Camping and Clapton

“We’re going camping for the weekend!” Alison had announced a week or two ago. ¬†So I did have some warning, but nothing quite prepared me. ¬†Alison and Sebastian collected me from the City Airport in the Passat Estate, which was packed to the gunnels with all manner of camping equipment, and some equipment not conventionally associated with camping. ¬†Like king size duvets, for example. ¬†“I don’t really do camping,” my sister explained. ¬†There was barely room for my luggage. ¬†I was glad I had decided to travel light.
Camping on the south coast of England is somewhat different to my previous camping expeditions in Scotland and Ireland.  The ground, not to mention the air, is somehow drier and warmer.  After a pleasant lunch of baguettes and pork pies, Angela and I set to work on putting up the tent, while Alison blew up the airbeds and made a cafetière of coffee.
Later I poked my head into the tent to find my sister kitting out the beds with organic Egyptian cotton sheets. ¬†Like she says, she doesn’t really do camping.
But we all did it, and survived.  Despite a decent thunderstorm threatening to rip the tent away from its moorings in the early hours of Monday morning, apparently.  I was oblivious to it all.  Ah, the value of good earplugs.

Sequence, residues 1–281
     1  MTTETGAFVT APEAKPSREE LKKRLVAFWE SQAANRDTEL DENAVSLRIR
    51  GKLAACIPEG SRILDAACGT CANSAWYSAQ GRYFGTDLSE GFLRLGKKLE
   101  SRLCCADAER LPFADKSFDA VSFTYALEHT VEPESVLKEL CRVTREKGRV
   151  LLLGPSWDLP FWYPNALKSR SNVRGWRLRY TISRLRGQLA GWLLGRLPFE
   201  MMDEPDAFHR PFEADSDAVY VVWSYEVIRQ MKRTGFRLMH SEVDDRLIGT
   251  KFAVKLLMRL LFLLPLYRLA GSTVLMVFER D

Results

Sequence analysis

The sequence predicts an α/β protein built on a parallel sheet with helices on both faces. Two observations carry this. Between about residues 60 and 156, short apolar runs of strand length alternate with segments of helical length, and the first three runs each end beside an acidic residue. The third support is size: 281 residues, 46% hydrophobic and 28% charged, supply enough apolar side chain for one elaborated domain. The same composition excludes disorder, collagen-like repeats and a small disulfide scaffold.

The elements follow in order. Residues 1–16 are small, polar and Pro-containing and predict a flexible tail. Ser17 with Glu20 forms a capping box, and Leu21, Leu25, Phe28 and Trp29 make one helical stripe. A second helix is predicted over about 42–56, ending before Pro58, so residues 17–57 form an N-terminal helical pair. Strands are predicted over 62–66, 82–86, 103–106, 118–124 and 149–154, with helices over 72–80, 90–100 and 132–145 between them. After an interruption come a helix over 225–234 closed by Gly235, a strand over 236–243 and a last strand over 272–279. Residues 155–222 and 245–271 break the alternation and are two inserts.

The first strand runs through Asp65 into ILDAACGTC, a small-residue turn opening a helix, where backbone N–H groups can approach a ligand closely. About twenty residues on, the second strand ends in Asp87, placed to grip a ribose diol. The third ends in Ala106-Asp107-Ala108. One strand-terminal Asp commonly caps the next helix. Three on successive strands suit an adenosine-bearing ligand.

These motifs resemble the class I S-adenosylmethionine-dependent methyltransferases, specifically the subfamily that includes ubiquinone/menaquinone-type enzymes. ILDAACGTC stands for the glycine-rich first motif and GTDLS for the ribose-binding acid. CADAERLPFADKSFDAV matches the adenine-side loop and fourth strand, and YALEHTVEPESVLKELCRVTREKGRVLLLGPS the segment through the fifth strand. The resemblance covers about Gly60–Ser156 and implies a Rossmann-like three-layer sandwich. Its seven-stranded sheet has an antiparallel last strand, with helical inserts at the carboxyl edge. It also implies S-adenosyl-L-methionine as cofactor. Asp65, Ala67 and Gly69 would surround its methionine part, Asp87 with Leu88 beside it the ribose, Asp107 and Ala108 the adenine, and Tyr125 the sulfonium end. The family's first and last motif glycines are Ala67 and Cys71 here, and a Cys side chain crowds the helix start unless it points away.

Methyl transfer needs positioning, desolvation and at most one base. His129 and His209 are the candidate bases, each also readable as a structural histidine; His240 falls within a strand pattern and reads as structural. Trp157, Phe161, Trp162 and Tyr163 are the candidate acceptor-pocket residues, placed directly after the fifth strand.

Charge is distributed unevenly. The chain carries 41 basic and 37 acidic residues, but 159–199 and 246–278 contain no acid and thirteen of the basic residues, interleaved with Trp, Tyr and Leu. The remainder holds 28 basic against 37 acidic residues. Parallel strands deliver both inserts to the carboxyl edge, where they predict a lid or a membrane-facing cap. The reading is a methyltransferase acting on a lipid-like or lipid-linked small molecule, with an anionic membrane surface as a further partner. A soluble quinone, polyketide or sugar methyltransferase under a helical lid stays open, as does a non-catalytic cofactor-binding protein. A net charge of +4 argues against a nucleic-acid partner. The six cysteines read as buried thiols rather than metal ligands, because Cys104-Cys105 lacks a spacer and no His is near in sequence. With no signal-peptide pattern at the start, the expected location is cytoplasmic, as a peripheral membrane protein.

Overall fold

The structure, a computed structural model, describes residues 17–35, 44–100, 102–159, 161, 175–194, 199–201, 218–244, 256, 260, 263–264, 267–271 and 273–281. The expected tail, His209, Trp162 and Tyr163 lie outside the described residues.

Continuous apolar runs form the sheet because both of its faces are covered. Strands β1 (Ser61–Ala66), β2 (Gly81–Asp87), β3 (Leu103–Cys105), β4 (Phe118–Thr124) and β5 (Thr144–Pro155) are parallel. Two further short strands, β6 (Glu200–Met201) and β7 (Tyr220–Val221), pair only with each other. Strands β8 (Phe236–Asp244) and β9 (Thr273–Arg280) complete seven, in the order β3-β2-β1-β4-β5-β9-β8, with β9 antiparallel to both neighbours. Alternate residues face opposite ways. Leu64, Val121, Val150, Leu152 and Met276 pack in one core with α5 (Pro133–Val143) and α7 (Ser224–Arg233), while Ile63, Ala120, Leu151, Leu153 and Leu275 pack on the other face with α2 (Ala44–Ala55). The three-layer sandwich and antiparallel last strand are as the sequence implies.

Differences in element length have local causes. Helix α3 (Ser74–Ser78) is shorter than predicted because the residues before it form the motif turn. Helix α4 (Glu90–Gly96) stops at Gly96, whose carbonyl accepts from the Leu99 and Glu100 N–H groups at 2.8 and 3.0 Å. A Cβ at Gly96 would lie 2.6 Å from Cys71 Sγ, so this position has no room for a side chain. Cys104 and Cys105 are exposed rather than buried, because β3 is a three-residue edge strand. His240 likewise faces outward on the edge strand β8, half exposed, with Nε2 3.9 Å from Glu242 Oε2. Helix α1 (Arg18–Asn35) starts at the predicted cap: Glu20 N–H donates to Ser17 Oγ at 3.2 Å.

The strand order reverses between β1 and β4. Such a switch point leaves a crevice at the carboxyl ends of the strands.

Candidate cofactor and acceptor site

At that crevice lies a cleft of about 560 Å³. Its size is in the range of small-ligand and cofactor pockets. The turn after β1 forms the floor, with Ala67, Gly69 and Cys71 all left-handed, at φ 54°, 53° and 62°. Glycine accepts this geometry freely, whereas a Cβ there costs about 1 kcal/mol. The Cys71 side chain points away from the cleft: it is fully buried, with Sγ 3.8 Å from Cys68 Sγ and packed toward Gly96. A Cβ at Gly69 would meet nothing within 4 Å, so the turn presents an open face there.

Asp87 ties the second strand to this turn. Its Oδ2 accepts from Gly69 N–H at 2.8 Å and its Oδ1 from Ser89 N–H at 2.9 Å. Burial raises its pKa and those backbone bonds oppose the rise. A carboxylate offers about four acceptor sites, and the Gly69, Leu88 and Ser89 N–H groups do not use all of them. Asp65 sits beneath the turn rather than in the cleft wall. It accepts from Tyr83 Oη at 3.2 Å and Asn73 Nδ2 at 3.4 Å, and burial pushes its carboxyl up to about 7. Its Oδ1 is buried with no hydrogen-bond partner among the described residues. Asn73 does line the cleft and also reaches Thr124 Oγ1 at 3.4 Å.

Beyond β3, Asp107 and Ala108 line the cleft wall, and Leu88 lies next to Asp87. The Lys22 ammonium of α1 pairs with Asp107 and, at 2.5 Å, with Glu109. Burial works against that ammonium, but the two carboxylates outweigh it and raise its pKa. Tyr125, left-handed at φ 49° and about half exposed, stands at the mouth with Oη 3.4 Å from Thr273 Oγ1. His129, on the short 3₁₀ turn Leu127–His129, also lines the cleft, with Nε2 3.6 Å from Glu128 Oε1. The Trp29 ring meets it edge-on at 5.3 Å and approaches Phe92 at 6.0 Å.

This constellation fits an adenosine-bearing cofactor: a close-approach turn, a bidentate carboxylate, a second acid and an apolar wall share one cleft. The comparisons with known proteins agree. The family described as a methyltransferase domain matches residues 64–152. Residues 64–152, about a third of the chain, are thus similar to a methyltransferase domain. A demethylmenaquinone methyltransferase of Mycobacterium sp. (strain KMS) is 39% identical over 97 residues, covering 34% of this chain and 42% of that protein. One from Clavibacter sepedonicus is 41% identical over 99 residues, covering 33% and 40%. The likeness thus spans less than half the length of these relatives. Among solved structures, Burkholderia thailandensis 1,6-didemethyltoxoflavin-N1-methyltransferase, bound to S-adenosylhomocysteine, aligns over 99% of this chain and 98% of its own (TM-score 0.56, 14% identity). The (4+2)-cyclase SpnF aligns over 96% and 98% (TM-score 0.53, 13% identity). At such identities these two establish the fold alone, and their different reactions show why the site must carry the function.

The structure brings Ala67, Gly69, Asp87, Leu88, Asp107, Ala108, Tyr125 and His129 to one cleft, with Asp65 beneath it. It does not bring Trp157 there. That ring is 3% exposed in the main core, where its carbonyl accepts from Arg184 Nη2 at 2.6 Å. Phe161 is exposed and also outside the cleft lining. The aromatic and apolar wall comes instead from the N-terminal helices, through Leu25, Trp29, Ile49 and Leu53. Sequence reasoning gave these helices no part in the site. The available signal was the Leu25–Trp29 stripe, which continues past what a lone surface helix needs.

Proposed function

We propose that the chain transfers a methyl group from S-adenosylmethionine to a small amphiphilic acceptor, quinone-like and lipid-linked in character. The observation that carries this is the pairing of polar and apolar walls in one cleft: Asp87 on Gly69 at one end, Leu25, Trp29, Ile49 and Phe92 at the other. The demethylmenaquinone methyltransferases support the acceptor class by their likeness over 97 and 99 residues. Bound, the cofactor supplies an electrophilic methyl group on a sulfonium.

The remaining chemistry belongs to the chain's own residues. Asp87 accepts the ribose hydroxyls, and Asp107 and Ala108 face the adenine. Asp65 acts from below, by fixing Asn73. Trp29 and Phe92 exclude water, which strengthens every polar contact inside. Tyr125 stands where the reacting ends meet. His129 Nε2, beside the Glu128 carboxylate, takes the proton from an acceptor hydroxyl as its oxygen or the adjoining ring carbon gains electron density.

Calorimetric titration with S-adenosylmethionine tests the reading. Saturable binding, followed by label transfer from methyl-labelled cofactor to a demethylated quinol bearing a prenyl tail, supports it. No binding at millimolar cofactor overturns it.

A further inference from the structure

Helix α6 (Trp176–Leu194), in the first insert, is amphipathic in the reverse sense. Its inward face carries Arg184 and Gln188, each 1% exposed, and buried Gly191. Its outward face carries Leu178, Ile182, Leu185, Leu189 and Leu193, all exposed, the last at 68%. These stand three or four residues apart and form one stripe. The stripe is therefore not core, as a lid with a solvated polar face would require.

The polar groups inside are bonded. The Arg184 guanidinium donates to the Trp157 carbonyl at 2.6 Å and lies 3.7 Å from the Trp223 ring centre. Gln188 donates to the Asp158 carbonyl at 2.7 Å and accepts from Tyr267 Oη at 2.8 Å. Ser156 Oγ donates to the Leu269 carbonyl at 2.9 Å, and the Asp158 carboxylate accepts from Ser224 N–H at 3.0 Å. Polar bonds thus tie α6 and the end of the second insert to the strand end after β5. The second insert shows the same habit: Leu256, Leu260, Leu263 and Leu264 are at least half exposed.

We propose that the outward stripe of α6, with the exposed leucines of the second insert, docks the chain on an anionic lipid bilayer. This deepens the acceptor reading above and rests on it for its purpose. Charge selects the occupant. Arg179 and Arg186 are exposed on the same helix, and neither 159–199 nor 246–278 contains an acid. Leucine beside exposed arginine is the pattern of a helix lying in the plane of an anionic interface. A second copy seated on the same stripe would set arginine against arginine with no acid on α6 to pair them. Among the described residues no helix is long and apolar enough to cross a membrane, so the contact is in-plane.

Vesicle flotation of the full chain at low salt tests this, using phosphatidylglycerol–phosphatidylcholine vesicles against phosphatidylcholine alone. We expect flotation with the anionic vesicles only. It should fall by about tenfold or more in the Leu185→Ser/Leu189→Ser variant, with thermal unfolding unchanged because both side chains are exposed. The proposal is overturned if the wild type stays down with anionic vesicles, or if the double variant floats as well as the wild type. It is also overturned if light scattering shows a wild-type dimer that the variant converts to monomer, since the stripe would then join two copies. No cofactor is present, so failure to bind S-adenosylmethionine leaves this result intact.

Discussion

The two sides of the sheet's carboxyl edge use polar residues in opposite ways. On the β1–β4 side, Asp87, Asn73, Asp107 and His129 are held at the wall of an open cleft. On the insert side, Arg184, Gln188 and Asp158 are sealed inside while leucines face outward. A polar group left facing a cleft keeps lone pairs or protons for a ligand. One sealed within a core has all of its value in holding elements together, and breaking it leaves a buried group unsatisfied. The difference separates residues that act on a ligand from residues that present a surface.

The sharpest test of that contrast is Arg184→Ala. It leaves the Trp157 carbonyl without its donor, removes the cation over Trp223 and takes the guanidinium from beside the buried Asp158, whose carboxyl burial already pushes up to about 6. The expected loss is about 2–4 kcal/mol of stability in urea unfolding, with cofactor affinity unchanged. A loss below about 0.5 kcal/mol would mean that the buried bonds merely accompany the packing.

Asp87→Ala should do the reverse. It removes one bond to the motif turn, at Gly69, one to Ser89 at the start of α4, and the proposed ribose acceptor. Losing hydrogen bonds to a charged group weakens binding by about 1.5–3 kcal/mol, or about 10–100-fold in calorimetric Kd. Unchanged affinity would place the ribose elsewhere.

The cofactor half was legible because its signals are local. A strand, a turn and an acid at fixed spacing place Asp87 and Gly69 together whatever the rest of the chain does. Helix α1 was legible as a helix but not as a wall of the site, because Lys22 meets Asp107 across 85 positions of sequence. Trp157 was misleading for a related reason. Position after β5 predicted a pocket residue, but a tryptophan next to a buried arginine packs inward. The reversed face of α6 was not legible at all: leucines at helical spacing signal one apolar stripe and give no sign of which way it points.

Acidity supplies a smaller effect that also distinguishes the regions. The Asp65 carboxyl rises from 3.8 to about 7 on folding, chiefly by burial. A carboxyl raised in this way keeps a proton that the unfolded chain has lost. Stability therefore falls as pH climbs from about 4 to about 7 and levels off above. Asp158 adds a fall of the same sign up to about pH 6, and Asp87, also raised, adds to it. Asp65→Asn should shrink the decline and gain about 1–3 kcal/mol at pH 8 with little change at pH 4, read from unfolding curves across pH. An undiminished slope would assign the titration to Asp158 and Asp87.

We retreated back to London yesterday, once the tent had dried out a bit. ¬†I showered and changed and shot straight out again. ¬†I had tickets for Eric Clapton, and I didn’t want to be late. ¬†I wasn’t, as it turned out, and it was a great night. ¬†I was there with my friend Iain, who also accompanied me to see Clapton this time last year, in Hyde Park. ¬†This time round, it all felt a little more… civilised… which was, I suppose, entirely reasonable and to be expected given that it was in the Royal Albert Hall. ¬†A magnificent venue, and we had brilliant seats, but all in all I preferred last year. ¬†The band was slightly different this time, Doyle Bramhall II having been replaced by Andy Fairweather-Low, who was curiously subdued throughout, only getting a solo spot once, towards the very end. ¬†In my experience, a band feeds off its audience to a large extent, and with a crowd of well-behaved mostly forty-to-sixty-somethings, all sitting down, as compared with last year’s younger, sunshine-and-alcohol-fuelled crowd, nothing was going to get set alight. ¬†And with Clapton on the seventh night of an eleven night stint, I suppose the band were going to be on auto-pilot to a certain extent anyway. ¬†‘Somewhere over the Rainbow’ was certainly an unwelcome addition to the set-list from where I was sitting, and the acoustic version of ‘Layla’, while great in its own right, is not quite as, um, electric as the original. ¬†Anyway, it was a good experience, and I’m glad I was there.